The poor are getting poorer and the rich are getting richer is common meme these days. The middle class is sinking into poverty as the top 1% just gets wealthier. Is that true?
Economist Mark Perry posted the graph below last week. It has been creating a buzz. (I included it in last Saturday's Saturday Links but I've decided to highlight it here.) He divides family income into low, middle, and high income categories and then charts what percentage of families are in each category over the last forty-five years, using constant (inflation-adjusted) dollars. The chart shows that the percentage in low-income families has modestly decreased, the percentage of middle-income families has dropped by a third, but the percentage of high-income families has become 2.5 times larger.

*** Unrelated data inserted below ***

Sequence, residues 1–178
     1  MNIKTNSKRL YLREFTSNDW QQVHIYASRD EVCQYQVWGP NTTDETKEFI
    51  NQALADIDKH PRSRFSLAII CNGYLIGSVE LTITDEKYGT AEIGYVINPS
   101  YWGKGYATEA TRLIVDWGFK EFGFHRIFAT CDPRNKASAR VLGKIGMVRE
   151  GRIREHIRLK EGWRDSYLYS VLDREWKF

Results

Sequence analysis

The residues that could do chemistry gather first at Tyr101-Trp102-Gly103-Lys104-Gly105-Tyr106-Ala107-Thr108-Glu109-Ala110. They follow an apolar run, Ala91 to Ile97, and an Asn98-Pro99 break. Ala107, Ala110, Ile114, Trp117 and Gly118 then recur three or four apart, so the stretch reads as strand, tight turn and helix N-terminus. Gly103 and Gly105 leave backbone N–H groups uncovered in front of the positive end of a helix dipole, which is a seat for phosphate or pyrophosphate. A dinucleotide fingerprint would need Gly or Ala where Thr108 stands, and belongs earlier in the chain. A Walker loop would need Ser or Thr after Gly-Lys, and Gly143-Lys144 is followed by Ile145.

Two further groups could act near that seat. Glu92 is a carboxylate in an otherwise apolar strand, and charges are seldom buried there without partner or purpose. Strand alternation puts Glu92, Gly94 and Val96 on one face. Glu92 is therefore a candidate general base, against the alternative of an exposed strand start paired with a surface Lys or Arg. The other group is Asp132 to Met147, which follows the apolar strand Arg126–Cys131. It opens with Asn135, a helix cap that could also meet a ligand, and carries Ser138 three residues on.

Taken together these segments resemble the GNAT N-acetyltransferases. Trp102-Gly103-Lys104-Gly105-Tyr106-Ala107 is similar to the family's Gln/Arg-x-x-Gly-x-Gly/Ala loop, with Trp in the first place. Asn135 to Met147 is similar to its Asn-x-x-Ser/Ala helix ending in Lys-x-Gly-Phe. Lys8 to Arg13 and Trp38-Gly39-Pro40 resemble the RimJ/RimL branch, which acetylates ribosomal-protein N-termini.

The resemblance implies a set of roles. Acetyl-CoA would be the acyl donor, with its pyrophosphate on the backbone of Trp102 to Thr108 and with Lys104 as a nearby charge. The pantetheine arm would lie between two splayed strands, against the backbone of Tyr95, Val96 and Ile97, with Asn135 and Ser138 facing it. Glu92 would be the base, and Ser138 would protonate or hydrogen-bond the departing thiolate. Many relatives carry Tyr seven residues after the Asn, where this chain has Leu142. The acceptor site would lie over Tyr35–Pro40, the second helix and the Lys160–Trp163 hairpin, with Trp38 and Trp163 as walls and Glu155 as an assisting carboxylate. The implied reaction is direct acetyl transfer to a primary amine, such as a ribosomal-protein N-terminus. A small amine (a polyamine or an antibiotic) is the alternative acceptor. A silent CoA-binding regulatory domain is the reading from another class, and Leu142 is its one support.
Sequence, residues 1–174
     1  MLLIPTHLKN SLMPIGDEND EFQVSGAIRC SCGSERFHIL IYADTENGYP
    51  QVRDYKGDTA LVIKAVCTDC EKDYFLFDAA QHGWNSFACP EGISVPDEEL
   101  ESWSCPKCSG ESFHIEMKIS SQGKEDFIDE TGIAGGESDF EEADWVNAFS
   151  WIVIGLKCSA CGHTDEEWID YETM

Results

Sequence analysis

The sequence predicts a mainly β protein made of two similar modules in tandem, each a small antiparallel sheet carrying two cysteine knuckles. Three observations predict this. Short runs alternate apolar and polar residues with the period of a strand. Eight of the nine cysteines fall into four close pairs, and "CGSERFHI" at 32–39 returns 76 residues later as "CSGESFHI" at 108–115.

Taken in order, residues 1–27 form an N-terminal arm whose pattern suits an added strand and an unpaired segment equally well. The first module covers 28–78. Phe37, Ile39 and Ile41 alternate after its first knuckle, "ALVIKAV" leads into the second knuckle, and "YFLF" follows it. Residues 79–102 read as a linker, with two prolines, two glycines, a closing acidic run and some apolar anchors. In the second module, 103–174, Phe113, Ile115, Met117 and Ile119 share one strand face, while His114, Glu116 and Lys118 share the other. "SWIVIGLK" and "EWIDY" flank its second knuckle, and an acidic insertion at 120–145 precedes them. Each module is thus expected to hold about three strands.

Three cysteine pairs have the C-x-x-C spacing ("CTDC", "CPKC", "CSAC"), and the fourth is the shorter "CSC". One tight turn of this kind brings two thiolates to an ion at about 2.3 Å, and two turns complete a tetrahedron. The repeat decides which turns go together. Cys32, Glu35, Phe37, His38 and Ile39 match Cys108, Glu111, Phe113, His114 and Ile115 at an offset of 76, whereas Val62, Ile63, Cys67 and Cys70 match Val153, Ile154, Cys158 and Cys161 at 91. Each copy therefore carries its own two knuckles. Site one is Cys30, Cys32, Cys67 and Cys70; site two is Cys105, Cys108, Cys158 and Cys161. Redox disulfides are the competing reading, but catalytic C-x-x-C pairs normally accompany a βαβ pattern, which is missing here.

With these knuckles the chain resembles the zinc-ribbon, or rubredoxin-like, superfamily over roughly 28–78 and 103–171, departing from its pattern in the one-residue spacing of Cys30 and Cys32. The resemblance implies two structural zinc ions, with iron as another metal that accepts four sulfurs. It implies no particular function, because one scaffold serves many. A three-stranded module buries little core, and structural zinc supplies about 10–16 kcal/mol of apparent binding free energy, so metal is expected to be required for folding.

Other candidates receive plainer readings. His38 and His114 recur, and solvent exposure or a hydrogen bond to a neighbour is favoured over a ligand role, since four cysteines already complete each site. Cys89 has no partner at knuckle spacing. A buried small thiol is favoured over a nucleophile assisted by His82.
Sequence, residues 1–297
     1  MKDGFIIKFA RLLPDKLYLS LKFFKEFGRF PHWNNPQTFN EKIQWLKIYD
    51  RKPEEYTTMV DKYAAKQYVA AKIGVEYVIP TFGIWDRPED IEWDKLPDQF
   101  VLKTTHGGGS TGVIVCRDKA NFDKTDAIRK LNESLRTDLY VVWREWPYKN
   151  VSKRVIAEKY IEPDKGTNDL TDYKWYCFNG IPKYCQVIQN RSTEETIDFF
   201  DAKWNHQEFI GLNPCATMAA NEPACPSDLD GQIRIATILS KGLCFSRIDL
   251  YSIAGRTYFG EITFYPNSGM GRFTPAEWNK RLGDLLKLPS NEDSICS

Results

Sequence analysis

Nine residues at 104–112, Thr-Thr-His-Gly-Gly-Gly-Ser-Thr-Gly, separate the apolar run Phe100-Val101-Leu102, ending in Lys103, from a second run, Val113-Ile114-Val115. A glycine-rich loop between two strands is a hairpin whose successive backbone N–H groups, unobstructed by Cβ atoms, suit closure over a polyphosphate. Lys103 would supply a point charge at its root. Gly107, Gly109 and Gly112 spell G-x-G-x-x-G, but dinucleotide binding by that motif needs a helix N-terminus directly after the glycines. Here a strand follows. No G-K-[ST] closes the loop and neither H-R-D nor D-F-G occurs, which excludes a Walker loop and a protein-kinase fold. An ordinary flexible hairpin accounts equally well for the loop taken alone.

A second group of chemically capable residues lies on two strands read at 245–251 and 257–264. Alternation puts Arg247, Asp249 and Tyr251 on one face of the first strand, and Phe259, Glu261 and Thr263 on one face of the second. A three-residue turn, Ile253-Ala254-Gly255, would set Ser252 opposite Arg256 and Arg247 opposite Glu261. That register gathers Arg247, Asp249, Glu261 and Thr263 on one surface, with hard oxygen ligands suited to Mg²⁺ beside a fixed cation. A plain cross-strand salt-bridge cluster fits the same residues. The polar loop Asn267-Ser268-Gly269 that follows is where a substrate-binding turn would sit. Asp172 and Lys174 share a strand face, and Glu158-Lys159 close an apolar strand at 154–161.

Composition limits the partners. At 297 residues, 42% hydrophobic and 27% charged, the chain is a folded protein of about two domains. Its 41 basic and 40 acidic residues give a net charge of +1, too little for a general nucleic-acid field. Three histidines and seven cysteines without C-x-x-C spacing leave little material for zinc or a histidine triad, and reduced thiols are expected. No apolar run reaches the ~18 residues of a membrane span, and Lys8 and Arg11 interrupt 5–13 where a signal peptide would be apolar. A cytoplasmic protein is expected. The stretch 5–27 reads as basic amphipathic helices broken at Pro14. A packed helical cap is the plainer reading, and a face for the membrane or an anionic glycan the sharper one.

This chart may actually understate things a bit. I suspect the data is pre-taxes and pre-transfers, in which case I think we would see the low-income family percentage decreasing a little more and modest corresponding changes in the other two groups.
Also, I suspect a significant factor in the change has been the entry of women into the workforce. Few families were two income families in 1967. Families with two full-time wage earners are going to have much higher income. Families left the middle class by becoming two-wage families, not because of constant increases in the real value of individual wages.
Here is Mark Perry's analysis.